The solution to this is the other way of holding shares, gilts and bonds, which is indirectly, through “pooled” investment vehicles such as unit trusts, open-ended investment companies (OEICs) or investment trusts.  These vehicles pool the money of a large number of investors and put it in the hands of a professional fund management company.  The manager will choose of broad spread of instruments to invest into, the type of which will depend on the stated aim of the fund.  Because of the amounts of money involved, the manager will negotiate very cheap terms for dealing in the shares, gilts or bonds, so reducing costs, and will also have a wide spread of investments, so should one company fail, it will have a very much reduced impact on the value of your investment.

+ Risk and Reward

So why should we be suggesting that you, who has been happy to build up your nest egg in a bank or building society deposit account, should move into the riskier environment of investing in equities or bonds?  The main reason is to try to achieve a higher return than is possible in a deposit account.  Provided you are prepared to be patient (as we said before, a 5-year minimum time frame is usually required) you should be able to expect a higher return.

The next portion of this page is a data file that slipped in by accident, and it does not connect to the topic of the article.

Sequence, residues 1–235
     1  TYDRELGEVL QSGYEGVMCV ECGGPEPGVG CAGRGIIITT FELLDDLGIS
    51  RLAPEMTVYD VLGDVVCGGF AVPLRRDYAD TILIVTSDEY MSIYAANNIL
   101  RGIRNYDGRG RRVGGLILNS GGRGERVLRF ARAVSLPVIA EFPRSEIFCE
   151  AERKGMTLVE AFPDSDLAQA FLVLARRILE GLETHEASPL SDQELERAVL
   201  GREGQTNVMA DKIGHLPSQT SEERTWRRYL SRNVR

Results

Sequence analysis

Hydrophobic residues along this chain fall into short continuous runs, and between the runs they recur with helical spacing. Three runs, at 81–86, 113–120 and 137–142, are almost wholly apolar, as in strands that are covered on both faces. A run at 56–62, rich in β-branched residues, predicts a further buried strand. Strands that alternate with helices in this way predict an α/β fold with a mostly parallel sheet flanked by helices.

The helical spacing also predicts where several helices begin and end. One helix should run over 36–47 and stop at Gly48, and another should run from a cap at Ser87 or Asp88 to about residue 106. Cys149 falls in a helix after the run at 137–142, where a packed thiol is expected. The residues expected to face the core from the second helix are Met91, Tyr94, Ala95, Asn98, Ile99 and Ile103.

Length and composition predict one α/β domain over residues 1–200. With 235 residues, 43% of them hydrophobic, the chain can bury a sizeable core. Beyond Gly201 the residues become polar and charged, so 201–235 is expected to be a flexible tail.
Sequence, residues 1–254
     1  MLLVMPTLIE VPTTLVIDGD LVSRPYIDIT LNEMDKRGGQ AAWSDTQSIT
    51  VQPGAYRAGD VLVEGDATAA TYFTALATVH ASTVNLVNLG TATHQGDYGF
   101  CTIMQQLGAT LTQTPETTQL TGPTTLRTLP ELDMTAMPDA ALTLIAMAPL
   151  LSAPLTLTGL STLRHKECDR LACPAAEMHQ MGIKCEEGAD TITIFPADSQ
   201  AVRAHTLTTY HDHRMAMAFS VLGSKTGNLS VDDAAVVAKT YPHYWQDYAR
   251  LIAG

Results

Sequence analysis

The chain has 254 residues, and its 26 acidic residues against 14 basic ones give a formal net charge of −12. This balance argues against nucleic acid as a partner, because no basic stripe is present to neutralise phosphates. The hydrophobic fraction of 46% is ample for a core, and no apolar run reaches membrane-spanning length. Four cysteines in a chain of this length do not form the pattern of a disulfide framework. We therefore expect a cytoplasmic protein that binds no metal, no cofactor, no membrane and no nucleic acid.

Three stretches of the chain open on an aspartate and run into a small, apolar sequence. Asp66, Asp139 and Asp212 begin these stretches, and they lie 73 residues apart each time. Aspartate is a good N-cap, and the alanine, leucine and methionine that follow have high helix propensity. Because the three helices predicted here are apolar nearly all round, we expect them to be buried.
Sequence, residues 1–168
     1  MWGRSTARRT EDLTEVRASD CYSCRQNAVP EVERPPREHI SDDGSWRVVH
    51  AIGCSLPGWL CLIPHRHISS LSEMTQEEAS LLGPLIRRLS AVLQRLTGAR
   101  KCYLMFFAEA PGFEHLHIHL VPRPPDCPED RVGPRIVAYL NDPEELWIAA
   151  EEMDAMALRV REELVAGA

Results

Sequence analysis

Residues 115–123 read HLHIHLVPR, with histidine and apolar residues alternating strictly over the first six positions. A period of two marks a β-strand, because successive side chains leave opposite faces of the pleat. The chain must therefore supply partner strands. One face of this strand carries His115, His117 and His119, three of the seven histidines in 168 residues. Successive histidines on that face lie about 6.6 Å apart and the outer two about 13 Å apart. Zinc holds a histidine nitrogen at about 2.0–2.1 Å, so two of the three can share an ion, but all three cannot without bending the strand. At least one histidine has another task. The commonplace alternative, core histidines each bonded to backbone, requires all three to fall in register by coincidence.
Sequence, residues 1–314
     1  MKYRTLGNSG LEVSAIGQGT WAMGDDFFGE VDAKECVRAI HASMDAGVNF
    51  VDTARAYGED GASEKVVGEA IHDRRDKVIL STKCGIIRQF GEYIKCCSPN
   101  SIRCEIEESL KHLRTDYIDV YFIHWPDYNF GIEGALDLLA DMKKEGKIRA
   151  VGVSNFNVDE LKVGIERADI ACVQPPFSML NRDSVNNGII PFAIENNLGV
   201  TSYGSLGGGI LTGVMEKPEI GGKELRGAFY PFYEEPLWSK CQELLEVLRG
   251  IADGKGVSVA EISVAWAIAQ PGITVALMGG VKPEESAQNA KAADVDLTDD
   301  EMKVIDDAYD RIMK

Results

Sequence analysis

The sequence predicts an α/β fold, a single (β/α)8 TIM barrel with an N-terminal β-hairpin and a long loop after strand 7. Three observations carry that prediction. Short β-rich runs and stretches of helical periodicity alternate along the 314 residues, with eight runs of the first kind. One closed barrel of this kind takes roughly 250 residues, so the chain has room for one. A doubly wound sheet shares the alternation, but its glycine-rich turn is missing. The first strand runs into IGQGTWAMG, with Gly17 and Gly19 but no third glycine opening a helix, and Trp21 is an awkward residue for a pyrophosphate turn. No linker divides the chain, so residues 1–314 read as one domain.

In the current low-interest environment, returns on your deposit accounts are very low, but there is no threat to your capital (assuming your bank manages to stay afloat).  However, investing in equity funds is different.  If the shares or bonds in which the fund invests falls and circumstances dictate that you are forced to sell the investment, you may not get back the amount you invested.

When advising an investor, we always establishing what level of risk is appropriate for that investor to take and the investor’s capacity for loss. We then structure the investment portfolio accordingly.

+ Tax efficiency

Since none of us likes paying more tax than necessary, we encourage investors to make use of any tax breaks available. The UK’s principle tax-efficient investment plan is the Individual Savings Account (ISA). An ISA is not an investment in itself, rather it is a tax-efficient “wrapper” which can be used to hold a range of investments. An ISA can be used to hold cash or stocks and shares, either directly or through the pooled investment vehicles we described earlier. The maximum sum which can be invested into an ISA is announced in the Budget each year and for 2016/17 it is £15,240 per person. It is now possible to switch freely between cash and stocks and shares and back again.